Impressions from San Francisco of Wayne McGregor's "FAR"
Yerba Buena Center for the Arts, San Francisco
Choreography: Wayne McGregor in collaboration with the dancers
Performers: Catarina Carvalho, Travis Clausen-Knight, Alvaro Dule, Michael-John Harper, Louis McMiller, Daniela Neugebauer, Anna Nowak, James Pett, Fukiko Takase, & Jessica Wright
Original Music: Ben Frost
Set Design: rAndom International
Lighting Design: Lucy Carter
Costume Design: Moritz Junge
EDITORS NOTE: Wayne McGregor l Random Dance - ATOMOS will be in our area March 15-22nd.
Dates and Times: Mar 15 8:00 pm; Mar 16 3:00 pm; Mar 20 7:30 pm; Mar 21 7:30 pm; Mar 22 8:00 pm; Mar 23 3:00 pm
Venue: Alexander Kasser Theater, 1 Normal Avenue, Montclair, NJ 07043
Buy Tickets Here
"I wish we were but men clothed with bodies and governed by our imaginations."
Quote from FAR lyrics - Texts adapted from Flesh in the Age of Reason by Roy Porter
The question of what triggers movement lingers on stage in FAR, performed by Wayne McGregor's Random Dance at San Francisco's Yerba Buena Center for the Arts. A vivid, questioning piece, FAR sees its ten dancers, tightly clad in gray scale, executing rigorous choreography throughout the evening-length work. There are no breaks, just shifts of mood through a series of variously charged sections. Dancers propel through the space, sometimes picking along paths designated by light while other times illuminated by a soft glow.
McGregor begins with a powerful image of four dancers bearing torches, surrounding a couple weaving in and out of each other’s space. Joint-focused movements and explosive reactions to one another make for a virtuosic and high-energy opener. The light from the torchbearers is the sole source of illumination, which slowly diminishes with the departure of each carrier to the sweet melancholy of a soprano voice.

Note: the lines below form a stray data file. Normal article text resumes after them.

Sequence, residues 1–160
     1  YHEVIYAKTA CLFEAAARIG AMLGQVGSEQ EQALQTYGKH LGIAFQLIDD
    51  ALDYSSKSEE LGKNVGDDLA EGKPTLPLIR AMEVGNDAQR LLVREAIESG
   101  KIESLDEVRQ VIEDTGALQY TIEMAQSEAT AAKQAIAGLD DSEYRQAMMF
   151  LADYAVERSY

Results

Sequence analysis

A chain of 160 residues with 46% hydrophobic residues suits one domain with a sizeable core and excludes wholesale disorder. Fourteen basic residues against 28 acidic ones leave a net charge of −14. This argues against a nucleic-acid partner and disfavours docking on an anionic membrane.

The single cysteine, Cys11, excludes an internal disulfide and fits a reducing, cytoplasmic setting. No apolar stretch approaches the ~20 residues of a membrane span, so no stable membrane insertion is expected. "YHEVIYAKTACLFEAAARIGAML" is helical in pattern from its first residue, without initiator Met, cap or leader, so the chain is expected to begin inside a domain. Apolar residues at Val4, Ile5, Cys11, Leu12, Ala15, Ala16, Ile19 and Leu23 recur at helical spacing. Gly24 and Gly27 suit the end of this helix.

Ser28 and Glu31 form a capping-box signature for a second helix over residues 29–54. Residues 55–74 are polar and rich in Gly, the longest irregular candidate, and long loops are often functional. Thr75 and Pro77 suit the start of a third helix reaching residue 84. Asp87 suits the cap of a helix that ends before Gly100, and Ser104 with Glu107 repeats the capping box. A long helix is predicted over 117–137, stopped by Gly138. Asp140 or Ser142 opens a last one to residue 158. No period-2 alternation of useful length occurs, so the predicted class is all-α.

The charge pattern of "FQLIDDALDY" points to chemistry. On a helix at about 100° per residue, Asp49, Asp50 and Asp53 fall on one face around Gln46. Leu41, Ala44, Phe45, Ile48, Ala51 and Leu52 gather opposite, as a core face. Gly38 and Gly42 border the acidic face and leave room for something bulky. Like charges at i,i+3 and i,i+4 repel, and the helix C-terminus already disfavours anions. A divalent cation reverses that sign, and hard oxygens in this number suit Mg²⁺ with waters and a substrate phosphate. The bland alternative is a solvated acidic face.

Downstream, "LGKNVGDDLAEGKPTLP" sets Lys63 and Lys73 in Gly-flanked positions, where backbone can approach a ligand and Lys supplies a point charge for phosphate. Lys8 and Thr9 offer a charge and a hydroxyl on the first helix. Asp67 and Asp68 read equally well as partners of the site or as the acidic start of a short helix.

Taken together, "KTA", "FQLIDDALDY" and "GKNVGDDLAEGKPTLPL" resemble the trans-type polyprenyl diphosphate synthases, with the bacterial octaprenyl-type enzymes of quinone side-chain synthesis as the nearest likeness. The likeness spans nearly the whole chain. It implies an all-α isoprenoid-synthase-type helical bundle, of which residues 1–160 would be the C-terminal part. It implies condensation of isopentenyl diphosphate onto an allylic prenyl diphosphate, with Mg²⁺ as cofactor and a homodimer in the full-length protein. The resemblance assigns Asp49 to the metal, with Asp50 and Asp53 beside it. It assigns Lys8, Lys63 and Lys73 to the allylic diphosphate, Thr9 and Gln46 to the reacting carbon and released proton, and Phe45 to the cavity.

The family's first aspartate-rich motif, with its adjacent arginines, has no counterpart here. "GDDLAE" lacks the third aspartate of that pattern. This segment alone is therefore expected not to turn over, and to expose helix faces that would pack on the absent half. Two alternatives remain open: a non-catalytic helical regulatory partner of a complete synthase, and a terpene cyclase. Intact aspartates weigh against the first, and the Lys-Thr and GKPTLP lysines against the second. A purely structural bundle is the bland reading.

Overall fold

The scene shifts as the warping of the operatic tones alters into something reminiscent of a space soundscape. The stage is dark and empty, save geometric pathways lit on the floor. Threading their way along these patterns with luxurious, fluid spines, dancers melt in and out of the background’s black velour.
A large rectangular board with rotating LED pegs soon comes into play. These lights create defined shapes, large washes of backlight, or in some cases, a countdown clock. As the board establishes stark images or blinking continuums, the dancers respond to the pulse in Ben Frost's score, which shifts from ambient to atmospheric. At the close, the audience is left with the image of a solo female lying upstage after a sensual duet.
The Enlightenment, a period in which people challenged long held ideas and stripped nature to its essence, is the inspiration for FAR. Using the root of his research, mechanics and humanity, McGregor negotiates the concept of the body as a machine and as a home for consciousness. He blurs the lines between the turbulence of physical exploration and humanity’s tenderness. McGregor's fast-paced choreography asks for incredible technical precision, which is balanced with pushing the flesh to the precipice of disarray.
The body is both a machine, exploring its efficiency and its limits, as well as a sentient being, feeling and reacting to a gentle caress or a forced embrace. McGregor and company delve far into these concepts, thrillingly taking on the frontier of consciousness.